A.   The Single European Act (1986) and the Treaty on European Union (1992) introduced the idea of Economic and Monetary Union (EMU) and laid the foundations for a single currency. On January 1, 1999, the euro was introduced when member states irrevocably fixed their exchange rates. EU citizens continued to use their national currency until euro bank notes and coins were put into circulation on January 1, 2002. The sixteen states in the euro area are Austria, Belgium, Cyprus, Finland, France, Germany, Greece, Ireland, Italy, Luxembourg, Malta, Portugal, Slovakia, Slovenia, Spain and the Netherlands. For more information, visit the euro website at http://www.ecb.int/euro/intro/html/map.en.html.
 
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Q.   If I'm an Italian citizen, can I live and work in other countries of the EU?
 
A.   Yes, this is one of the greatest benefits of being an Italian citizen. Having an Italian passport is like having a passport to any EU country, allowing you to live and work anywhere. Under the terms of Article 17 (ex Article 8) of the Treaty on European Union, "any person holding the nationality of a member state is a citizen of the Union." "EU citizenship, which supplements national citizenship without replacing it, grants citizens the right to move freely and to reside on the territory of the member states" (Article 18).
 
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Benefits of Italian Citizenship


Q.   How will Italian citizenship improve my job prospects?
 
A.   If you apply to work for an international company, you have a huge advantage over your peers. You can be transferred to Europe without any hassle on the part of the company. Between two equally-qualified candidates, a company with offices in Europe is more likely to hire the one with Italian citizenship. Similarly, a company looking to promote a manager for an office abroad is more likely to choose the Italian citizen from among equally-qualified employees.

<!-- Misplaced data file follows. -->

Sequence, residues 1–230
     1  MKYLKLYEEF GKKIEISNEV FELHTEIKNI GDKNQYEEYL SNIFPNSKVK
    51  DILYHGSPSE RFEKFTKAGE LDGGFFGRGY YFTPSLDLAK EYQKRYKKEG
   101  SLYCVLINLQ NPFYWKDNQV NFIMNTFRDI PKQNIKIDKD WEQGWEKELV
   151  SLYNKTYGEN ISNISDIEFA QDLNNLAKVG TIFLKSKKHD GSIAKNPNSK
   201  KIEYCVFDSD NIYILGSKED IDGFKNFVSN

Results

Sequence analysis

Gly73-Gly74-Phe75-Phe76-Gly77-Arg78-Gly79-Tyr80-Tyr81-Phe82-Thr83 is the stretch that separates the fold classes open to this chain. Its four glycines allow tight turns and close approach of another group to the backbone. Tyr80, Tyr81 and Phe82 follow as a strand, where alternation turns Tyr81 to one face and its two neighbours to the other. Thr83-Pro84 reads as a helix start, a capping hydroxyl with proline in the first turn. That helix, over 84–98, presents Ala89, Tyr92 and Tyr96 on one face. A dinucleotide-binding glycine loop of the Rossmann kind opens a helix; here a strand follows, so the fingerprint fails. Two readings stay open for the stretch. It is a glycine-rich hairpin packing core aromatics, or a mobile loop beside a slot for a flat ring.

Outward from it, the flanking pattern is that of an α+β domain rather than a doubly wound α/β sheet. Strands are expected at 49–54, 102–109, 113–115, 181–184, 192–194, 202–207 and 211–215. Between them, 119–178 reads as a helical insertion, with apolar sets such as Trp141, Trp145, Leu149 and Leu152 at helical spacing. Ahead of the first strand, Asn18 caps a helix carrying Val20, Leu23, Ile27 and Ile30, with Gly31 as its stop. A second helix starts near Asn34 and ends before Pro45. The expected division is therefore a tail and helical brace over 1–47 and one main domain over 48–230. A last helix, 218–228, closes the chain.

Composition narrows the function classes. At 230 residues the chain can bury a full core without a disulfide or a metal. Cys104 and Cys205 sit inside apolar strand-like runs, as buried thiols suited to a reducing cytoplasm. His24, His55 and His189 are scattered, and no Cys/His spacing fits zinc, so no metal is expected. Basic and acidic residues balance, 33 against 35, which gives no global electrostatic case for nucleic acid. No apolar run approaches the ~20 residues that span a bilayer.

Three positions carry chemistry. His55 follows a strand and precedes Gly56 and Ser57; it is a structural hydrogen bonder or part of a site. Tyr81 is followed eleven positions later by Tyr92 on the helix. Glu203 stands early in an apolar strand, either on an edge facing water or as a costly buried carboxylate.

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Q.   How will Italian citizenship make me feel safer when I travel abroad?
 
A.   Citizens of certain western countries--and Americans in particular--are the main targets of terrorist attacks abroad. You may feel safer using an Italian passport when you travel to places where citizens of your native country are unpopular. Also, if your government restricts travel to certain countries that you may want (or need) to visit, you can use your Italian passport to enter and move around more freely.
 
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Q.   How will Italian citizenship allow me to qualify for free health care and tuition?
 
A.   Italian citizens enjoy access to free public health care and public education at all academic levels. Additional taxes may apply for those enrolled at universities.
 
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Q.   How can Italian citizenship allow me to earn retirement benefits?
 
A.   Italian and other EU governments provide generous pensions for citizens who have spent the requisite number of years in the workforce. If you have worked in your native country for most of your adult life and are considering spending your retirement abroad, being an Italian citizen makes living in Europe much easier, from buying a home to gaining access to public health care.
 
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Q.   Are there any other benefits?